Let's get it out the way: Child of Light looks amazing.

But that's not a surprise. After all, the game was developed using UbiArt framework. That's the graphics engine behind Rayman Origins and Rayman Legends, two gorgeously vibrant games which any self-respecting Vita owner will have already played.

If recent Rayman games are cartoons in game form - bright, zany, and lightning-paced - then Child of Light is more like a children's storybook. It's a world of muted watercolours, fantasy archetypes, and that uniquely sinister undertone which tempers so much children's fiction.

Sweet nightmares

You play as Aurora, a young girl who suffers from a severe chill, and ends up in a coma. Waking up in a fantasy realm known as Lemuria, she attempts to make sense of her surroundings and make her way home.

The game's keen to reinforce the idea that Aurora is just a child, and too young to really deal with the treacherous environments of Lemuria.

Finding herself stranded amongst this bizarre new landscape, the first thing she does is call for her Father - a stark reminder of her youth.

With childlike characters - even a bearded, gnome-like companion claims to be only 13 years old - and relentlessly rhyming storybook dialogue, Child of Light plays with the idea of fairytale storytelling, all the while weaving a coming-of-age tale.

It's initially charming to hear characters consistently quipping and communicating in verse, and it's a testament to the care and effort that's gone into Child of Light. It does get a little annoying after a couple of hours though.

Goodies and baddies

Aurora crosses paths with a host of quirky and diverse characters, who can be recruited to join your party of brave adventurers.

From the start you're accompanied by a friendly, floating orb called Igniculus. You control him using the right stick and use his powers to solve puzzles.

But there are plenty of other characters along the way, all willing to help you out in combat.

Personal favourites include Rubella, a jester who consistently fails to rhyme, and Robert, a love-sick, mouse-like creature who wants to prove himself as an adventurer.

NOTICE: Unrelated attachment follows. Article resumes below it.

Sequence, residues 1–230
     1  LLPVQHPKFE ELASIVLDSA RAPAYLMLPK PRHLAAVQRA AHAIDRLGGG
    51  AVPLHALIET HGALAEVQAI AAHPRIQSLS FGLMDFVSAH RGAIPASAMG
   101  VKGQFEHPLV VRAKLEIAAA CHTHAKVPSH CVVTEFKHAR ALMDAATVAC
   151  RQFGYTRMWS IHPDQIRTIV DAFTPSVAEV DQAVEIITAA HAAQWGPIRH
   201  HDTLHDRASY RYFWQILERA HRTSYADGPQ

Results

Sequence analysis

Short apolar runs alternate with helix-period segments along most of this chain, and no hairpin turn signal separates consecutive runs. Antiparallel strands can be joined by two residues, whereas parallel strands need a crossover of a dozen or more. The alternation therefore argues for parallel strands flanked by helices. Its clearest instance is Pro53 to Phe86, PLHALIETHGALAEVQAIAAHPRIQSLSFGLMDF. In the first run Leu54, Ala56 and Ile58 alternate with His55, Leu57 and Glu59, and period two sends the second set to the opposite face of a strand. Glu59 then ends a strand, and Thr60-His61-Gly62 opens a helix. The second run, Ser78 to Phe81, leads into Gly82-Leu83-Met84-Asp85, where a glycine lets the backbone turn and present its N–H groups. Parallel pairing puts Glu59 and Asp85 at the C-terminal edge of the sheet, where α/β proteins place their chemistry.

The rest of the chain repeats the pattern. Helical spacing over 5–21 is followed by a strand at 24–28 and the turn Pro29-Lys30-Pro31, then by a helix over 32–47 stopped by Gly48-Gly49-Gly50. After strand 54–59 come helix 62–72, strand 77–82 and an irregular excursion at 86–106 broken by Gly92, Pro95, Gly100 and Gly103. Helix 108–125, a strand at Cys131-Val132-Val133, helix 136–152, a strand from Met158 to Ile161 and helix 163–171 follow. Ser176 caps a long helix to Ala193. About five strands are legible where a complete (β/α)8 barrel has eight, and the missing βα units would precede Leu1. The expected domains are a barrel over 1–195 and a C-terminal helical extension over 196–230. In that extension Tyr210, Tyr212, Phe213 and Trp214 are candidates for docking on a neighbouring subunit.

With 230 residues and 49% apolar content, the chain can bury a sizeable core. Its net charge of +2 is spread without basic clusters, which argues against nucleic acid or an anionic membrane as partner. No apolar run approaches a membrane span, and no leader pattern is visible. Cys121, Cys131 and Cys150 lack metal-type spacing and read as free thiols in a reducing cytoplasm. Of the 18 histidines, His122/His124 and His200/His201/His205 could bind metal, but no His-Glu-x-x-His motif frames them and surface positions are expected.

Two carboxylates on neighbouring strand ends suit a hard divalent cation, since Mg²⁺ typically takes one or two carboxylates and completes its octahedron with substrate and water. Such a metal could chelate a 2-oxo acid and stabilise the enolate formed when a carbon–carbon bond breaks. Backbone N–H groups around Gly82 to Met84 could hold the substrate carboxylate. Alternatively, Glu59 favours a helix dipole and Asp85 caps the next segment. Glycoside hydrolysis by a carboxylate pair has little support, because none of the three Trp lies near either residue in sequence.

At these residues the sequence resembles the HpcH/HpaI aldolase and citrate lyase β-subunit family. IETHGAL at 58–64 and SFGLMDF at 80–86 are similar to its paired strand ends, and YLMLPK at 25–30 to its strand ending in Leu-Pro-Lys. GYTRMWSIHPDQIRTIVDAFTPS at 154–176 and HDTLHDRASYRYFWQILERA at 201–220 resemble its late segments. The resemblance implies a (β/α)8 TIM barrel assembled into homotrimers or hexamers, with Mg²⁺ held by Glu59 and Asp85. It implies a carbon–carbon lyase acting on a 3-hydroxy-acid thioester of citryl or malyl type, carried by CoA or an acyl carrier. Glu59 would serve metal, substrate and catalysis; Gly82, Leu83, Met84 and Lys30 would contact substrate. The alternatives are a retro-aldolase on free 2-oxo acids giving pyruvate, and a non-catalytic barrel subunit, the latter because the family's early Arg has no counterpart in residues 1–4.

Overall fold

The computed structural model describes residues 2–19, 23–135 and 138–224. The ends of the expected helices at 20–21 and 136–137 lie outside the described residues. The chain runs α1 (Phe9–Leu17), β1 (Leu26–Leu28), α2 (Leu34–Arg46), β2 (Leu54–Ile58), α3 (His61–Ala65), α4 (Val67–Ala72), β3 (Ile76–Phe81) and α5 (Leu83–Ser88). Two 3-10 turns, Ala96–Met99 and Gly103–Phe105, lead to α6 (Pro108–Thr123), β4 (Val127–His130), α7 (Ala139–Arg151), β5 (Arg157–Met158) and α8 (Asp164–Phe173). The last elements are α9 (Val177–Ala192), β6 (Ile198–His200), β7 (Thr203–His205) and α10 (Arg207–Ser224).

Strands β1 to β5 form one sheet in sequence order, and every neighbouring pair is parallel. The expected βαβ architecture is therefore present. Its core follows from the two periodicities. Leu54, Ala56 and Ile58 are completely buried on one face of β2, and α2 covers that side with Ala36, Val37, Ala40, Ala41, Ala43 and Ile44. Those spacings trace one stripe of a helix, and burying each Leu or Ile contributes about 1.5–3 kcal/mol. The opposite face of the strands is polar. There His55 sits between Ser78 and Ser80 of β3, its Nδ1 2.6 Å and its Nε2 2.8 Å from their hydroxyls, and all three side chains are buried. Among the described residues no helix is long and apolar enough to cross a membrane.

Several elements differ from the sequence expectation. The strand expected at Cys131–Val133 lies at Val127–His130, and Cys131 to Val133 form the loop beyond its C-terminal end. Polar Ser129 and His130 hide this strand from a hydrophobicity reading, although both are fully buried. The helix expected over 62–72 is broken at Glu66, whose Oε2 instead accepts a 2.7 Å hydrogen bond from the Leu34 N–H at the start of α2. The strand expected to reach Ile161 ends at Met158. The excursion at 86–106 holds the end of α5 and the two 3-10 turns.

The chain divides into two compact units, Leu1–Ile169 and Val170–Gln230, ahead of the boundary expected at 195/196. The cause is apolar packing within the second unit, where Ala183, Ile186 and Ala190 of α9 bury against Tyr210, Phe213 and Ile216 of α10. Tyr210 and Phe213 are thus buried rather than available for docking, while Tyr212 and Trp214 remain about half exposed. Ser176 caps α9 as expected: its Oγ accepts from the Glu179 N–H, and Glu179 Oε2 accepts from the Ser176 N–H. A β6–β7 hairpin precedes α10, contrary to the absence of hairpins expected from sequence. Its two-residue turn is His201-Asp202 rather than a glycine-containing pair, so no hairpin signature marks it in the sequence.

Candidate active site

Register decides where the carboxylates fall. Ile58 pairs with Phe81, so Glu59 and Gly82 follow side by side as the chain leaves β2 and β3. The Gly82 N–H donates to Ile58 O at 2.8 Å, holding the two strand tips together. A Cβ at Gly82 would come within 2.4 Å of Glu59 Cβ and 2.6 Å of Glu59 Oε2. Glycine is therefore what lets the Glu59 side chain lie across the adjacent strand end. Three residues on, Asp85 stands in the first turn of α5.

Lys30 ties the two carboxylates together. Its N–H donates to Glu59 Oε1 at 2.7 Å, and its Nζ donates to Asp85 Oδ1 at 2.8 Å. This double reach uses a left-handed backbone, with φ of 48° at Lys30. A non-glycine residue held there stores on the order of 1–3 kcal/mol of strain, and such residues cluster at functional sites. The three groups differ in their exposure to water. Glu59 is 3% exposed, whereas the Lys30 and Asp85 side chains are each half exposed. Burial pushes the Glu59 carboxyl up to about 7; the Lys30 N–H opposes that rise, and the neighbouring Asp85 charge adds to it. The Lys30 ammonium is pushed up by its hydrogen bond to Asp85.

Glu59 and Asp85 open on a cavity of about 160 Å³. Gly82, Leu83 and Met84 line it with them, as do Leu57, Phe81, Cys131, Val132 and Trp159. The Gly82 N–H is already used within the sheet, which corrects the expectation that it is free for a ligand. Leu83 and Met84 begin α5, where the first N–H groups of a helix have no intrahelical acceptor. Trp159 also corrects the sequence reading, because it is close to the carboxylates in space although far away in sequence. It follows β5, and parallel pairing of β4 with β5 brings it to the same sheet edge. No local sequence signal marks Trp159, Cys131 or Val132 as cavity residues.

War's no fairytale

The turn-based battling is fairly light, but it's consistently fun. Each party member has their own role to play, and you'll soon get to know their strengths and weaknesses.

Scraps work on a timeline system. Party members and enemies race for the opportunity to make the next move, frantically using everything at their disposal to quicken their pace, or to slow down enemies.

You can also interrupt an enemy mid-attack, which sets them back significantly on the timeline.

If your timing is good enough, you can essentially deny your enemy a turn, launching a barrage of attacks before they have the chance to recover.

When you master the timing, and learn to use Igniculus to slow down your enemies, it's a very satisfying feeling indeed.

Cover to cover

For an RPG, Child of Light is very short. Personally, I think that's brilliant. Imagine, a role-playing game that you can complete in 10 hours. Unlike many, it respects your time, and knows when to wrap things up.

However, its brevity does mean that some interesting elements are sadly short-lived. The platforming, which feels like a satisfying way to get around, is abandoned within the first hour when Aurora is granted the ability to fly.

But that's nitpicking really.

Child of Light is still just as gorgeous on a small screen as it was when it was released on consoles and PC, and it plays just as well on Vita.

This twee tale doesn't come entirely without frustration, but it's still a short and sweet RPG.